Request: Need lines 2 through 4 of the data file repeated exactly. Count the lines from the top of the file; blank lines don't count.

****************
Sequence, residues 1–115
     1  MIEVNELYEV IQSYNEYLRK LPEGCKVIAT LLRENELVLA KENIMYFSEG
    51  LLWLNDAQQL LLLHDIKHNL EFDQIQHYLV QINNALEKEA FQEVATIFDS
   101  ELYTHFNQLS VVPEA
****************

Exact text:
     1  MIEVNELYEV IQSYNEYLRK LPEGCKVIAT LLRENELVLA KENIMYFSEG
    51  LLWLNDAQQL LLLHDIKHNL EFDQIQHYLV QINNALEKEA FQEVATIFDS
   101  ELYTHFNQLS VVPEA